Kenya’s Supreme Court ordered President-elect Uhuru Kenyatta and Prime Minister Raila Odinga to refrain from discussing in public the lawsuits filed to overturn the results of the country’s March 4 elections.
Chief Justice Willy Mutunga ordered all parties to “desist from prosecuting the merits of their cases in any forum other than this court,” according to a copy of directions, which he signed with the court’s five other judges, given to reporters today in the capital, Nairobi.
The lawyers must advise their clients “about the consequences of conduct or statements that can undermine the authority of this court,” the judges wrote. The order follows public comments by Odinga and Kenyatta about the election’s outcome.
Odinga, 68, petitioned the court on March 16 to overturn Kenyatta’s victory, arguing the election process was beset by technical faults, fraud and manipulation. Kenyatta,the 51-year-old son of the country’s first president, Jomo Kenyatta, won 50.07% of the ballots, just enough to avoid a runoff. The outgoing premier, whose father was the elder Kenyatta’s vice president until they fell out, got 43.3 percent.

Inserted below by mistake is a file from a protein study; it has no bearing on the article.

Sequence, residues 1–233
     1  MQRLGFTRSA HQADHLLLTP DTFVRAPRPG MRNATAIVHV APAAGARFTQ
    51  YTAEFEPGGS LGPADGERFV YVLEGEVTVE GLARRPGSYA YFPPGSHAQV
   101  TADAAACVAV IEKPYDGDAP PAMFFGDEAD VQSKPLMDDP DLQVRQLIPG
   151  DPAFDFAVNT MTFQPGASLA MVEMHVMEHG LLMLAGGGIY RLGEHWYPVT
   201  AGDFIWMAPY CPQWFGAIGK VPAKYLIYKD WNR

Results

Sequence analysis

The court has 14 days to deliver a ruling in Odinga’s case. Two other cases challenging the results have been filed and a pretrial conference will take place on March 25 for all three. Submissions by all parties must be filed two days earlier, according to the the court order.
The shilling which rose by 0.9 percent from March 4 to March 13, has since weakened by 0.3 percent, according to data compiled by Bloomberg. It close at 85.50 per dollar in Nairobi.
“There is some anxiety in the market ahead of the petition,” Nairobi-based NIC Bank Ltd. said in a note to clients today. The shilling is “expected to oscillate between 85.50 to 86.10 levels”.